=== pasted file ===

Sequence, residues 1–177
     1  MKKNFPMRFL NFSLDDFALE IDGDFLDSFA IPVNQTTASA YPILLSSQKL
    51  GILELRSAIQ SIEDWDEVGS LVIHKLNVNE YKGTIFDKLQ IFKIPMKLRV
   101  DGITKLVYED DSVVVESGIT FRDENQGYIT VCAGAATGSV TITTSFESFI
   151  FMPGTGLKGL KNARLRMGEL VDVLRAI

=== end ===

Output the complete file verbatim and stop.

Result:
Sequence, residues 1–177
     1  MKKNFPMRFL NFSLDDFALE IDGDFLDSFA IPVNQTTASA YPILLSSQKL
    51  GILELRSAIQ SIEDWDEVGS LVIHKLNVNE YKGTIFDKLQ IFKIPMKLRV
   101  DGITKLVYED DSVVVESGIT FRDENQGYIT VCAGAATGSV TITTSFESFI
   151  FMPGTGLKGL KNARLRMGEL VDVLRAI